I’m going to go a little off-topic today and talk about movies. But they’re comic book movies, so it’s okay! Unless you’ve been living under a pretty large pop-culture/internet-blocking rock, you’ve probably noticed that DC has made some serious moves into the entertainment world.
So I figured that it was about time that I talked about Identity Crisis. I’ve had the book for a while now – I picked up an Absolute Edition pretty cheap – but I haven’t talked about it until now because quite frankly I didn’t know what to say about it. Now, I might be something of a DC fanboy, but even I will admit that their content has been really sub-par of late.
So, here’s the thing: I’m generally pretty open about my distaste for the X-Men. What I generally don’t let on to my comic-loving chums is that I find Wolverine to be one of the worst of the lot. I’m still not sure exactly what it is about Wolverine that I don’t like – though I must confess that I really enjoyed Wolverine: Origin and Origin 2 for the sheer tragedy of Logan’s early years.
So, unless you’ve been living under a very large rock, chances are you’ve noticed that Marvel has put out a new movie: Guardians of the Galaxy. What’s unique about GotG is that chances are that when you first read the name, your first reaction was probably something along the lines of “Who?”
Despite their inability to create a live-action movie series that doesn’t deviate substantially from the source material, DC can certainly churn out good quality animated movies when they want to. They’ve put out plenty of gems over the years, from classics like Batman: Mask of the Phantasm to more recent efforts like Justice League: War, based on Geoff Johns’ excellent run on the relaunched Justice League book.
Who doesn’t love Deadpool? It’s hard not to, really. Despite starting out as a blatant Marvel parody of DC’s Slade Wilson (aka Deathstroke), the ‘Merc with a Mouth’ has (arguably) gained a popularity beyond that of Deathstroke himself. Depending on the situation, Deadpool can be funny or utterly vicious – usually a satisfying combination of both. I’m a huge fan of Gerry Duggan and Brian Posehn’s run on the current Deadpool series – having Deadpool re-kill zombified US presidents was just nuts!
Ladies and gentlemen, prepare yourselves – it’s a new era of all things PULP. Cameron has moved on to greener pastures, so you’ll have to put up with a double dose of my ramblings from now on! Suckers. This week I’m delving into the dark and outright scary world of Arkham Asylum: Living Hell, written by the excellent Dan Slott (The Amazing Spider-Man, She-Hulk) and drawn by Ryan Sook (Seven Soldiers: Zatanna). Strap yourselves in; it’s gonna get spooky.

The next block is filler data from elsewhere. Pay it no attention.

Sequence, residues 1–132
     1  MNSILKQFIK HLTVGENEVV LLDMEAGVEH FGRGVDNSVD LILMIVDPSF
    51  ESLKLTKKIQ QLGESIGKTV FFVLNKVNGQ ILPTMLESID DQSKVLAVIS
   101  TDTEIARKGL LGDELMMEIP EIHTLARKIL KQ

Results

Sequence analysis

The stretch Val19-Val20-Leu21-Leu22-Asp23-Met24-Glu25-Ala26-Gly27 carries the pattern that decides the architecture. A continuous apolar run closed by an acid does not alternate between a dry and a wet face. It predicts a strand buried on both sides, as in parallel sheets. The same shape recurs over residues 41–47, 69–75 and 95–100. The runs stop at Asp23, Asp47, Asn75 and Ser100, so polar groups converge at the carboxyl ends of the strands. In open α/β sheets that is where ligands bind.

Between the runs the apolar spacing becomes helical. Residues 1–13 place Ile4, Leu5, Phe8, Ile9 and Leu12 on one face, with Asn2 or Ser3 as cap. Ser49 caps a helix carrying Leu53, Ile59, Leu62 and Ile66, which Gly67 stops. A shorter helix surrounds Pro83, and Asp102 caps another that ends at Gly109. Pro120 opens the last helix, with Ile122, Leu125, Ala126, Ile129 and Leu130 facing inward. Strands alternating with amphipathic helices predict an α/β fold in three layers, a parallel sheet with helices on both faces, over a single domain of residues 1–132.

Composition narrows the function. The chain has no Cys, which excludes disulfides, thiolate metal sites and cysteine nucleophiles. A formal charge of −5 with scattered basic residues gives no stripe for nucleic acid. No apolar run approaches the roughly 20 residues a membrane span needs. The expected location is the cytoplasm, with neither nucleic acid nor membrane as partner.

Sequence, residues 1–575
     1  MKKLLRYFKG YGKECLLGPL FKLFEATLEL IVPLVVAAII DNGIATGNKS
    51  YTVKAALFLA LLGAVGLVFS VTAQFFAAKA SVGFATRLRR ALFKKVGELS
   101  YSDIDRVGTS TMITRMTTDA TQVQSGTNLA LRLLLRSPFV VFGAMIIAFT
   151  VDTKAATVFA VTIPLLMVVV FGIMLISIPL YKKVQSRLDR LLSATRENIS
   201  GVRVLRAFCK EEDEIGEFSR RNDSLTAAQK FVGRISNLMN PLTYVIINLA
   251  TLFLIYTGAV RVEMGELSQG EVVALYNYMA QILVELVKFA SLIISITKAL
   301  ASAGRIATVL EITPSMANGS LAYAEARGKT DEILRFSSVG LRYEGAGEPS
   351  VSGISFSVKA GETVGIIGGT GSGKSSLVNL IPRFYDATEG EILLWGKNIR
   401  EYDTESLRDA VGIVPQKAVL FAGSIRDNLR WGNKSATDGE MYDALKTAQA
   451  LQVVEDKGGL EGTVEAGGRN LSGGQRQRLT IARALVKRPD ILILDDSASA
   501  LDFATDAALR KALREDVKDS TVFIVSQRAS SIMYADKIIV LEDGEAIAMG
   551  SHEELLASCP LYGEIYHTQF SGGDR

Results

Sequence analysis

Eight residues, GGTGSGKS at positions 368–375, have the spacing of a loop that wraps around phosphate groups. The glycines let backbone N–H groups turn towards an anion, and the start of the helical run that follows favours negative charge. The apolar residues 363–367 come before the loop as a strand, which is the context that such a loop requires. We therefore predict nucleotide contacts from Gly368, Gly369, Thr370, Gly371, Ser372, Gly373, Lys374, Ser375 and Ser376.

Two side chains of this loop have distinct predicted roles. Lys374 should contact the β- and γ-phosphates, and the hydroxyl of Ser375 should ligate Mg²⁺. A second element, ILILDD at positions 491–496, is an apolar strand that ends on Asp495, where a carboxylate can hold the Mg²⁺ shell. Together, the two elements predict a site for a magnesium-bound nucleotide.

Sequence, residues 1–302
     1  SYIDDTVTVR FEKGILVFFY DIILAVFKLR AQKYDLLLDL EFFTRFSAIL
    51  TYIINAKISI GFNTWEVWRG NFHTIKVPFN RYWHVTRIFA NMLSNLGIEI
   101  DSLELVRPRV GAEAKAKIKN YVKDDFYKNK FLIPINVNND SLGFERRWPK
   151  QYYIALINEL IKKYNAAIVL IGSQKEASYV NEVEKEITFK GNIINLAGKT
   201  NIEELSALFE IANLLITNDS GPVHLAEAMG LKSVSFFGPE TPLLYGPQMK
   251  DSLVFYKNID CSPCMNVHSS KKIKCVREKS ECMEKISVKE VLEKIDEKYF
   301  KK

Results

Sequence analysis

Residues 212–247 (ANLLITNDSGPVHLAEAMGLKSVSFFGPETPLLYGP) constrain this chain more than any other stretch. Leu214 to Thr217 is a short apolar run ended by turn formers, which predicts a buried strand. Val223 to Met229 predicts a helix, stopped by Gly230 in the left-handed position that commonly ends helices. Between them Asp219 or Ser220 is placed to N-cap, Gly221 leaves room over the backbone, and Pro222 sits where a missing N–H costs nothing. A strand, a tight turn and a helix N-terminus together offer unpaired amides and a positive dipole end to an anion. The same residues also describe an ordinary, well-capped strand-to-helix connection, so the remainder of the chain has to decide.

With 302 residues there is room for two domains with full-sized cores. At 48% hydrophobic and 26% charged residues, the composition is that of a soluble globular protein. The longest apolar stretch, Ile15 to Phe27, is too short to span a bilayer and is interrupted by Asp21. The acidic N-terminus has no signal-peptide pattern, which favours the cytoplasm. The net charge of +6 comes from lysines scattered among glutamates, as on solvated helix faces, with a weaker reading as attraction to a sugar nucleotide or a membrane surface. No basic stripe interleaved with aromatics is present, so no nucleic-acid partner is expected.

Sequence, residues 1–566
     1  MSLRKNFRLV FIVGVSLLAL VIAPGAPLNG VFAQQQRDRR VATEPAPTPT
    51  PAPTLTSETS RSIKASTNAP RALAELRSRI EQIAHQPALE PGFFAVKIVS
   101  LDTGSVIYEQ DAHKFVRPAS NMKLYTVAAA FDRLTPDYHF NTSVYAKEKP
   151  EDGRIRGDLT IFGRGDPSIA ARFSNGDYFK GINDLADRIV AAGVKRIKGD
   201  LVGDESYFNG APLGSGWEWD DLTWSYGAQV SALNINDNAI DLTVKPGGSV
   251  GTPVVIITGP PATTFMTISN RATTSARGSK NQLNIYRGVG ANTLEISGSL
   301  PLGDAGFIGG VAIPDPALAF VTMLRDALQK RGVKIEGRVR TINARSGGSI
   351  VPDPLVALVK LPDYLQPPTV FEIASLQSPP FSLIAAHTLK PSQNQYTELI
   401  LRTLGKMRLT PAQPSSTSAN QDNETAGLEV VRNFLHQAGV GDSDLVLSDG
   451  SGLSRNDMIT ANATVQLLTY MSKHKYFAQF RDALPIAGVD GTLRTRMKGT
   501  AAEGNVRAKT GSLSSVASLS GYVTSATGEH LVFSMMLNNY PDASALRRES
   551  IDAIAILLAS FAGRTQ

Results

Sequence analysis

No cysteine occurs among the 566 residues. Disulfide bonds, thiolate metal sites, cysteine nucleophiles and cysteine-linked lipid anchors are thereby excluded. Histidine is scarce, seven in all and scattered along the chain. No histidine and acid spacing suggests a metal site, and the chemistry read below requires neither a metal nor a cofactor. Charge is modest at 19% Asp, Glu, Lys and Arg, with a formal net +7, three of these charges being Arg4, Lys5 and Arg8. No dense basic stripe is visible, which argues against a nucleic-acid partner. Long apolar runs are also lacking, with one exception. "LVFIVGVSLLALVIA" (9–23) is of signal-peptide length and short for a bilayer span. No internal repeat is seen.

As you might have heard, DC is making a few changes to their titles. Gail Simone is off Batgirl, Brian Azzarello is finishing up on his excellent Wonder Woman run and Scott Lobdell is (rather controversially) back writing Red Hood and the Outlaws. Most controversially, however, DC decided to fake Dick Grayson’s death at the end of their annoyingly long Forever Evil arc. Yup, the vast majority of the DC heroes (sans Batman, naturally) think he’s dead. Nightwing is no more, replaced by the new series Grayson, written by Tim Seeley (Revival, Batman Eternal) and former counterterrorism officer Tom King.
So it seems that despite helping to make some awesome comic book movies, David S. Goyer’s a bit of a douche. In a recent panel interview for the Scriptnotes, Mr Goyer decided to proclaim that, a: anyone who’d heard of Martian Manhunter was likely a virgin (so mature) and, b: She-Hulk was merely an extension of a male power fantasy and was a character that existed solely for the Hulk to have sex with. Apparently he decided to gloss over the rather important point that She-Hulk (aka Jennifer Walters) is actually ol’ Hulky’s cousin. So, yeah, doubt that’s ever gonna happen.
Ave Satani! Hail Satan! And of course his demonic little offspring, Damien Thorn. When people think of director Richard Donner they tend to think of 1978’s Superman, but only two years before that he directed one of the greatest horror films of all time – 1976’s The Omen. With Friday the 13th having recently passed I was planning on watching one of the Friday the 13th sequels and writing a thematically solid column, but before this could be done I found my wife had never seen The Omen. That was enough of an excuse to purchase the trilogy on Blu-ray.